Max Allen has sent these images in the hope that someone will recognise the subject matter. See his comments and questions below…
This building, as depicted on a number of rugs which have recently come onto the market, looks rather like a medieval fort with turrets and battlements. On one side of its apparently slanted roof are three towers (for the sake of comparison, I have reversed image number two so the towers are on the right, like the others.). In front there is a large, empty and apparently sandy area, behind which there seems to be a terrace leading up to a fence. At the lower left, and often across the middle of the rug, are superimposed “pictures” of the sort found on old tourist postcards. What is this scene, and where did this way of depicting it come from?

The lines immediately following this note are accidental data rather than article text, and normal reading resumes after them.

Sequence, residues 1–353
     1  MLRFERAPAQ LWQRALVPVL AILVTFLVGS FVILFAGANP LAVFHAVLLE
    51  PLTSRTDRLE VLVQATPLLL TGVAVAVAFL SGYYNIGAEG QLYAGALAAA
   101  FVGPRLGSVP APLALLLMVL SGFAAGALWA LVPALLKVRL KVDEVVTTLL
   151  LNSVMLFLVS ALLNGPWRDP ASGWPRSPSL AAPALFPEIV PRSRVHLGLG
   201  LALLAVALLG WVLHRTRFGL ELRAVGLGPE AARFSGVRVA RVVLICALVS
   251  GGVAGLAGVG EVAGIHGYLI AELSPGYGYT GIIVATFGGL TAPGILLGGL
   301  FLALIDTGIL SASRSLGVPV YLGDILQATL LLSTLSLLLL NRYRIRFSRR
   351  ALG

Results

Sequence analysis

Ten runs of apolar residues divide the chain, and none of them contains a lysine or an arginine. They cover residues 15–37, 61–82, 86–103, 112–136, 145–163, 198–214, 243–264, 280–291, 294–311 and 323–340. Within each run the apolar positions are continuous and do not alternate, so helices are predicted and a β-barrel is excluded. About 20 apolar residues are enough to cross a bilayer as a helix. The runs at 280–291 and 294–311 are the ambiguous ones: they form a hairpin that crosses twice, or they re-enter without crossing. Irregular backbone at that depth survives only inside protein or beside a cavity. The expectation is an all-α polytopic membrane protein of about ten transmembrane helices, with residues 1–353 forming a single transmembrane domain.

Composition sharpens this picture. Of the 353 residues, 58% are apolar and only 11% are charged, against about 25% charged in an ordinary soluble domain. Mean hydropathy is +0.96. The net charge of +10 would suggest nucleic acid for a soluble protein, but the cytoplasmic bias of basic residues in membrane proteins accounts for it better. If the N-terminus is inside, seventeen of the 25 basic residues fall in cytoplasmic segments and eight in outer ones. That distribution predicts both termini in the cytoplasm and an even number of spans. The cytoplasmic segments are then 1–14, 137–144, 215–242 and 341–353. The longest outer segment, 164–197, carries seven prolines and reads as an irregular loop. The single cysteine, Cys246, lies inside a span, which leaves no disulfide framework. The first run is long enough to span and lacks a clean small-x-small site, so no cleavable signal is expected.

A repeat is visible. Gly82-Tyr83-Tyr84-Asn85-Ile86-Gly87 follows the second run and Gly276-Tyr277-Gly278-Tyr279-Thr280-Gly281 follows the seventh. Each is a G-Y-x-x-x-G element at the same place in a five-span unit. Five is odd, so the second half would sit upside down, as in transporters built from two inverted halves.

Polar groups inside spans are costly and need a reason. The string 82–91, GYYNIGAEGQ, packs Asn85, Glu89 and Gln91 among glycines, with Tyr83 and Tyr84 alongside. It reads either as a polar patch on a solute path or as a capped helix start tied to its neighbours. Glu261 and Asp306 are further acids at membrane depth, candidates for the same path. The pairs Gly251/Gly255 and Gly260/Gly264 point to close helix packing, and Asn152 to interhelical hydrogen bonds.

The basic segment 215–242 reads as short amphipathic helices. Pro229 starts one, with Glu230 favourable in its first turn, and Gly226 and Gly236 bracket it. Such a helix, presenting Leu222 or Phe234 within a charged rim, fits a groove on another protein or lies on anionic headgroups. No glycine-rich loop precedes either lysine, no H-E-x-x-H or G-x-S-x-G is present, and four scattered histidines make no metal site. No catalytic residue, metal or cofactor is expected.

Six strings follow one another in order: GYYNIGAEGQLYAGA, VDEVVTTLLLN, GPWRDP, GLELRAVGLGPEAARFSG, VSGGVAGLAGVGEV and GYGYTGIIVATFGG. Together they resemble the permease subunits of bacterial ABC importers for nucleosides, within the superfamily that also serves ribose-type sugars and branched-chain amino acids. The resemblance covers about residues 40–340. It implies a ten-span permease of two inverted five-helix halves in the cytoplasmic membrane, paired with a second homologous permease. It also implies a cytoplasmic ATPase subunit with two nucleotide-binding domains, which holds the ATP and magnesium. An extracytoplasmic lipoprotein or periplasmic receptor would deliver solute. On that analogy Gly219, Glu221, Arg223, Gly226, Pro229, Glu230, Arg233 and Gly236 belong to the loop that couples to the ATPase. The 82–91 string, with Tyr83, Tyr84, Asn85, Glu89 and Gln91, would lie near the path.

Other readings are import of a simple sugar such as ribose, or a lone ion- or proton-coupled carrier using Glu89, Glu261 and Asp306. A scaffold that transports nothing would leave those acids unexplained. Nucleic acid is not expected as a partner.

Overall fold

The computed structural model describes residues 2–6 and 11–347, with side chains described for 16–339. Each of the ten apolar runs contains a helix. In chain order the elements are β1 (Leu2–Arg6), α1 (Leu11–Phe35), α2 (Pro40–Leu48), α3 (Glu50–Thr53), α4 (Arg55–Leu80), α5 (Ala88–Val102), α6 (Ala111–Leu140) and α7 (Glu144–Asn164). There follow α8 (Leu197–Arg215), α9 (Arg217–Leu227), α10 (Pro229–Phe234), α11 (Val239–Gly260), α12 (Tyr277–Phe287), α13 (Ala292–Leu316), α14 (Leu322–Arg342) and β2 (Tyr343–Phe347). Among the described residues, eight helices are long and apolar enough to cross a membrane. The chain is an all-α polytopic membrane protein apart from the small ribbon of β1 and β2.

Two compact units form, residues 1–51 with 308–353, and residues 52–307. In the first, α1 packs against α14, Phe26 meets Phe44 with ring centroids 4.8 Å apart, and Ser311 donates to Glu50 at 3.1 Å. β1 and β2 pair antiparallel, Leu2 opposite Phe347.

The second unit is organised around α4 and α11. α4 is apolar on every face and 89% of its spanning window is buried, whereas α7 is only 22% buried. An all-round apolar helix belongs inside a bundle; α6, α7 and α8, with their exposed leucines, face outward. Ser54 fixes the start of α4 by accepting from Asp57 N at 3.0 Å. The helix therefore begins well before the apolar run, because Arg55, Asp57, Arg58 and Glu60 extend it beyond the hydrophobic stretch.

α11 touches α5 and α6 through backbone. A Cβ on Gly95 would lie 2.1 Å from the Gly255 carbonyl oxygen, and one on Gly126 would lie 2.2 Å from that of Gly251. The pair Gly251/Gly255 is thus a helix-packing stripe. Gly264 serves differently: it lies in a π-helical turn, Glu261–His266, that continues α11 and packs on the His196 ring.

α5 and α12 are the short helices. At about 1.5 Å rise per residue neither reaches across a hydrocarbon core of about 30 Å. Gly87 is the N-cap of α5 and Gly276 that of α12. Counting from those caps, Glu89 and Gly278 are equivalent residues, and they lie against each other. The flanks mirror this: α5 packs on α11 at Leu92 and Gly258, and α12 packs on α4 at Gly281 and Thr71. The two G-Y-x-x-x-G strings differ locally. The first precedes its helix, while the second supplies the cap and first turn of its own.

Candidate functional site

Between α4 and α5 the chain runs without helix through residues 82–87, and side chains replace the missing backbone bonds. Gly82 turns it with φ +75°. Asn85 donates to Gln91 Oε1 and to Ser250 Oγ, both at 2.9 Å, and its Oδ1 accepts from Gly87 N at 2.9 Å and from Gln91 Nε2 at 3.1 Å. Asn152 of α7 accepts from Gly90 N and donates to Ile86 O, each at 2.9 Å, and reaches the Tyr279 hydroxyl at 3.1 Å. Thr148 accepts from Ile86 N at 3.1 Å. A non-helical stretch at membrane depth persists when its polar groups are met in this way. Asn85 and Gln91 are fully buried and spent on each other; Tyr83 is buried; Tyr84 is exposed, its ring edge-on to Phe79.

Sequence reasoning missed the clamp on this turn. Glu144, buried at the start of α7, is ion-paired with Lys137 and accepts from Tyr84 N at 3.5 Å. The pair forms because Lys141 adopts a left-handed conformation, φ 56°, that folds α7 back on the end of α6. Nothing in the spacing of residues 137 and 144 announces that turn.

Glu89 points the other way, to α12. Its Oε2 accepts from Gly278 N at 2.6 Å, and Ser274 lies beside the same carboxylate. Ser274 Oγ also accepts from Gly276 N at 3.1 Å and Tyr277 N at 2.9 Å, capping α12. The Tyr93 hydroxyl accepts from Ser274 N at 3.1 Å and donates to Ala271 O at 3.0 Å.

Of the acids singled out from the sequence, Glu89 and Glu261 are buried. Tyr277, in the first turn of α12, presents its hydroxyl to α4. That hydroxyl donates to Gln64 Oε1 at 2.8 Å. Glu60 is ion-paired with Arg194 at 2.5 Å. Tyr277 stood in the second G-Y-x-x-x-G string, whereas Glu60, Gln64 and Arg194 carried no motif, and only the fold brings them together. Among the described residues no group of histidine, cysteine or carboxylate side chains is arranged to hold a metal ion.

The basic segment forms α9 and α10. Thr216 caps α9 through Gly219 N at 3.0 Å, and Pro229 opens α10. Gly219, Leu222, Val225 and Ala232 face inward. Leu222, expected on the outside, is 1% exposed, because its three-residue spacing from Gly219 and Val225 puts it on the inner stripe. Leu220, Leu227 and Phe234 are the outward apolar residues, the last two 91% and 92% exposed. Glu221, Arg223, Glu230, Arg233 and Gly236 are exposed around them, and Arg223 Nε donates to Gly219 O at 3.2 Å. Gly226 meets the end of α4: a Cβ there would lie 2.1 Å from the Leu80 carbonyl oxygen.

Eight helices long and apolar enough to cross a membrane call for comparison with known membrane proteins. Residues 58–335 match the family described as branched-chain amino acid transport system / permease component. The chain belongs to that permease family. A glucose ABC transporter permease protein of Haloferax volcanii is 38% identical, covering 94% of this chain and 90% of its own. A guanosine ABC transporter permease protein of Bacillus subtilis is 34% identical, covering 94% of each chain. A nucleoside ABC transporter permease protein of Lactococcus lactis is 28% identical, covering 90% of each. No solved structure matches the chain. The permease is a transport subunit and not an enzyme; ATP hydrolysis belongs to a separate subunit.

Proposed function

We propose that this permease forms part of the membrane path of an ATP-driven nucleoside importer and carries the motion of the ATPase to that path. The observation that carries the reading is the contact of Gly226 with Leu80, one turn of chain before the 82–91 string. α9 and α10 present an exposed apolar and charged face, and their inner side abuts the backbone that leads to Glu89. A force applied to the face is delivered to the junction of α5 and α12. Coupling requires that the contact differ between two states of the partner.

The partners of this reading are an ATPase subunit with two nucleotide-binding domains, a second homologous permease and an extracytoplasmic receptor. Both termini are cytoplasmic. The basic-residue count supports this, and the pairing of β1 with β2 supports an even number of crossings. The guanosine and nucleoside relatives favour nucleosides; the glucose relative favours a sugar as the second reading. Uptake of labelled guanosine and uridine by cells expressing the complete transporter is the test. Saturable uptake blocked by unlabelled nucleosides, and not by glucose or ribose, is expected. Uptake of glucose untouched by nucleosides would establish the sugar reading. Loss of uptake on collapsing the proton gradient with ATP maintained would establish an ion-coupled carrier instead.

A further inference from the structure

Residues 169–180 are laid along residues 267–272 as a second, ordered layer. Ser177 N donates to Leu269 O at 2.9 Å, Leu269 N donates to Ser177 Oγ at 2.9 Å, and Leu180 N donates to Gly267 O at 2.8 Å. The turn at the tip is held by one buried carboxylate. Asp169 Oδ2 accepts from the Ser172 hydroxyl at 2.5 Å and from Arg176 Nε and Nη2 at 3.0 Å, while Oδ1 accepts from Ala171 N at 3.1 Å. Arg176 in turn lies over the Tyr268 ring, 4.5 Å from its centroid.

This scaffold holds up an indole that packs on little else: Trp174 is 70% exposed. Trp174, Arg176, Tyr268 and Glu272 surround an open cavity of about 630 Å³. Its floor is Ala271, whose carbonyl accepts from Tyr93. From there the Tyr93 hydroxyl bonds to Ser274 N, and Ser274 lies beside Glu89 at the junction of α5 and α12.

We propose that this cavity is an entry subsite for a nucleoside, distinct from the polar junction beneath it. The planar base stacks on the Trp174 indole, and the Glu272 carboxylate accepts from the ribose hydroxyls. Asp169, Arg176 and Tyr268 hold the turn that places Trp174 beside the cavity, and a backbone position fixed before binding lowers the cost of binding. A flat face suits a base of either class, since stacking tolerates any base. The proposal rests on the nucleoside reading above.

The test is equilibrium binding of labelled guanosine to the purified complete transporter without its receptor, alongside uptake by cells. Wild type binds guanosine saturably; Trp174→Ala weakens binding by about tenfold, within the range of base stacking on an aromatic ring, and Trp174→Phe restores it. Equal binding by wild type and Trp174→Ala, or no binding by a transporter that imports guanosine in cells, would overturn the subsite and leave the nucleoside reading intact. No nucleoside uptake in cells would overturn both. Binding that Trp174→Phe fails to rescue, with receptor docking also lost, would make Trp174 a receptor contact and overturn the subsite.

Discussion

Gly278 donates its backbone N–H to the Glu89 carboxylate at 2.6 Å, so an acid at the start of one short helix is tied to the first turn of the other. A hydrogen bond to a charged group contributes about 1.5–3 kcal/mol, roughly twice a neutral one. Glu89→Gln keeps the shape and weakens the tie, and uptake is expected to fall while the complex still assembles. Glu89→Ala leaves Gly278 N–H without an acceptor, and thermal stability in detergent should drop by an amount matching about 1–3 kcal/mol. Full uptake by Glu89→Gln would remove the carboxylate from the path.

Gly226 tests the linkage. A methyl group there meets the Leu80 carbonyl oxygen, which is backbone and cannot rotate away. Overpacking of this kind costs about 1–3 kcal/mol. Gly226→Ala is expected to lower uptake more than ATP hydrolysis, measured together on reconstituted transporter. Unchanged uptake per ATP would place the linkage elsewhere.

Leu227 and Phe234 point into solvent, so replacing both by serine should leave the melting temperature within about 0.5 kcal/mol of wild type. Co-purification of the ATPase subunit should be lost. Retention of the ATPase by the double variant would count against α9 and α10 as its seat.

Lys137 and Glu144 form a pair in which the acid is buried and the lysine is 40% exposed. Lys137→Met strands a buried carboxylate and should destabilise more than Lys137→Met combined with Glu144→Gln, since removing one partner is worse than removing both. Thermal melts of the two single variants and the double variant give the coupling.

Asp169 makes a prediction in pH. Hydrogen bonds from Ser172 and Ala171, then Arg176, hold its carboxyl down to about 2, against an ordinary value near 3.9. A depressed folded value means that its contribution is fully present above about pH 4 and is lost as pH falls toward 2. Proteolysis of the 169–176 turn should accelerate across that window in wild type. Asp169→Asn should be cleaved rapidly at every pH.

Rug 1 (top) woven left end first, knots open left of a peculiar glossy (commercial? Australian?) wool, fine mixed tan wool warps on one level, edges overcast with black wool.
Rug 2 (middle) woven left end first, knots open left of coarse dry wool, board-like handle (like a Bidjar), very thick white wool warps on one level, edges overcast with red wool.
Rug 3 (bottom) woven right end first, knots open left of fine dry wool, fine white wool warps aternately slightly depressed, edges overcast with black wool.
Feedback: Kevin Sudeith (at warrug.com) solves the question on his own blog – it’s the citadel in Herat built by Alexander of Macedonia in the 4th century B.C. Kevin provides contemporary photographs for comparison…
And Max finds these fantastic photographs by Robert Lankenau; the first is a detail to correspond to the rug images. Max observes that the rugs may well be the result of a proto-cubist re-arrangement of all the features of the citadel and its surrounds.